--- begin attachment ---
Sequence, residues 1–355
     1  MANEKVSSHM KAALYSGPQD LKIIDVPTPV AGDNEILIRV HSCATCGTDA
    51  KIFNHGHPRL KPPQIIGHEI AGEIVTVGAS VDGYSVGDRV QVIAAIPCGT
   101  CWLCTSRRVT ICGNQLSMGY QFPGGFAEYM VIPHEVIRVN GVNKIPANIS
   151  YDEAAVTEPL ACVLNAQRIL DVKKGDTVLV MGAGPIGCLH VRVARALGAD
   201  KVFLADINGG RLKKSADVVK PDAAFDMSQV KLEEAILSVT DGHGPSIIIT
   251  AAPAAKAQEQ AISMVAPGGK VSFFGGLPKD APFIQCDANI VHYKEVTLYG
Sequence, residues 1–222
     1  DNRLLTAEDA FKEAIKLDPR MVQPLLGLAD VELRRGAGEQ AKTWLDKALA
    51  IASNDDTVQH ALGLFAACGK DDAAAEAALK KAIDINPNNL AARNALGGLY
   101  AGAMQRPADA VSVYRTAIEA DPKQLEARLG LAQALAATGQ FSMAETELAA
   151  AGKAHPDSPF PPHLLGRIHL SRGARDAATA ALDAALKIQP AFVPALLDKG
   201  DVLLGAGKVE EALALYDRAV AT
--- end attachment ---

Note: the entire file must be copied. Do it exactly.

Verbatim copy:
Sequence, residues 1–355
     1  MANEKVSSHM KAALYSGPQD LKIIDVPTPV AGDNEILIRV HSCATCGTDA
    51  KIFNHGHPRL KPPQIIGHEI AGEIVTVGAS VDGYSVGDRV QVIAAIPCGT
   101  CWLCTSRRVT ICGNQLSMGY QFPGGFAEYM VIPHEVIRVN GVNKIPANIS
   151  YDEAAVTEPL ACVLNAQRIL DVKKGDTVLV MGAGPIGCLH VRVARALGAD
   201  KVFLADINGG RLKKSADVVK PDAAFDMSQV KLEEAILSVT DGHGPSIIIT
   251  AAPAAKAQEQ AISMVAPGGK VSFFGGLPKD APFIQCDANI VHYKEVTLYG
Sequence, residues 1–222
     1  DNRLLTAEDA FKEAIKLDPR MVQPLLGLAD VELRRGAGEQ AKTWLDKALA
    51  IASNDDTVQH ALGLFAACGK DDAAAEAALK KAIDINPNNL AARNALGGLY
   101  AGAMQRPADA VSVYRTAIEA DPKQLEARLG LAQALAATGQ FSMAETELAA
   151  AGKAHPDSPF PPHLLGRIHL SRGARDAATA ALDAALKIQP AFVPALLDKG
   201  DVLLGAGKVE EALALYDRAV AT